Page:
Book Reviews: Land Rovers and Tanks of Barbarossa

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Land Rovers in British Military Service: Coil-sprung models 1970-2007, by James Taylor and Geoff Fletcher (ISBN 978-1787112407, Veloce Publishing Ltd., distributed in the US by Quarto Publishing; 612.344.8100; www.quartoknows.com; Hardcover, 176 pages, 275 color and b/w photos, 2018, $62.50).

The book is a sequel to British Military Land Rovers, the leaf-sprung models, by the same two authors published by Herridge & Sons in 2015. It is intended for anyone interested in the coil-sprung Land Rovers that have served (and still serve) with the British armed forces.

Land Rover’s coil-sprung models include the first-generation Range Rover, One Ten family, Defender family and first-generation Discovery models. All have been taken into service by the British armed forces.

This volume covers first-generation Range Rover and Discovery models, as well as the One Ten, Ninety and One Two Seven, their Defender successors and, of course the Wolf XD derivatives. It describes and illustrates their uses and adaptations, while containing comprehensive vehicle lists and contract details. Included are exhaustive lists of serial numbers; contract details; special variants; non-operational prototypes; and includes Army, Navy and RAF purchases. Coverage deliberately ends at 2007 to respect current military sensibilities.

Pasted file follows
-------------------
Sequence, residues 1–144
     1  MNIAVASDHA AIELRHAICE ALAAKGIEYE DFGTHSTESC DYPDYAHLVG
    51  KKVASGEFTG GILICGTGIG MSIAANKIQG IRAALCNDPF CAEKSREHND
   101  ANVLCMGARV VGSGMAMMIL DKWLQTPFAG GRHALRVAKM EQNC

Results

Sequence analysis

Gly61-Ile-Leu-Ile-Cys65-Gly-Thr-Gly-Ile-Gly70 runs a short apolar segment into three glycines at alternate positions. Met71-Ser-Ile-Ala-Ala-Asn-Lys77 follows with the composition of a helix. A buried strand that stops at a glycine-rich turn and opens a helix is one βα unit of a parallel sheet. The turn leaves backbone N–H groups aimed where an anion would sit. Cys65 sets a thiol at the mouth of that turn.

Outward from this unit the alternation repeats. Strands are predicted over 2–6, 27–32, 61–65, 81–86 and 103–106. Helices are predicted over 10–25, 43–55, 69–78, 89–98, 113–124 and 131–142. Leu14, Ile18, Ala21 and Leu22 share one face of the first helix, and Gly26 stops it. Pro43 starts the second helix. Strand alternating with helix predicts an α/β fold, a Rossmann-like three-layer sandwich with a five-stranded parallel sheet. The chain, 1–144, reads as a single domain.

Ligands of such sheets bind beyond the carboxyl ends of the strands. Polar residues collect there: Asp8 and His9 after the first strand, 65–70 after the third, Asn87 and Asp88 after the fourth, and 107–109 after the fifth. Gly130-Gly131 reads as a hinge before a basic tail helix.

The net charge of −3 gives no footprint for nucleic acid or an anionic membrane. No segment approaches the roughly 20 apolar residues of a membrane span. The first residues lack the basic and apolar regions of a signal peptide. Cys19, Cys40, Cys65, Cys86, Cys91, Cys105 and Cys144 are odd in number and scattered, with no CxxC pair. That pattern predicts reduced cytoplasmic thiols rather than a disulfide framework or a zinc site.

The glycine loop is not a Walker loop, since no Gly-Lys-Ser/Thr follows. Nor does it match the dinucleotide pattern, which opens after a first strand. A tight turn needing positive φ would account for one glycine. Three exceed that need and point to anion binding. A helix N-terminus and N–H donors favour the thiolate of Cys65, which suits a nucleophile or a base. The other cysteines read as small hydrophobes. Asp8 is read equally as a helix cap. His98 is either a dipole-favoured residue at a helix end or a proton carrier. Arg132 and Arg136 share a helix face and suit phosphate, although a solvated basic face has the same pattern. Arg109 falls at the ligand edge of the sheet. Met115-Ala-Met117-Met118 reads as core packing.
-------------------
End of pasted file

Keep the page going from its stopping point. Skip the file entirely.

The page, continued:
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The Tanks of Operation Barbarossa: Soviet Versus German Armour on the Eastern Front, by Boris Kavalerchik, trans. by Stuart Britton (ISBN 978-1473886803; Pen and Sword Books, Ltd. 47 Church Street, Barnsley, South Yorkshire, England S70 2AS; www.pen-and-sword.co.uk; Hardcover, 288 pages, 2018, $42.95).

When the Germans invaded the Soviet Union in 1941 the Red Army had four times as many tanks as the Wehrmacht and their tanks were seemingly superior, yet the Wehrmacht won the border battles with extraordinary ease the Red Army’s tank force was pushed aside and for the most part annihilated. How was this victory achieved, and were the Soviet tanks really as well designed as is often believed? These are the basic questions Boris Kavalerchik answers in this absorbing study of the tanks and the tank tactics of the two armies that confronted each other at the start of the war on the Eastern Front.

Drawing on technical and operational documents from Russian archives, many of which were classified until recently and are unknown to Western readers, he compares the strengths and weakness of the tanks and the different ways in which they were used by the opposing armies. His work will be essential reading for military historians who are interested in the development of armored warfare and in this aspect of the struggle on the Eastern Front.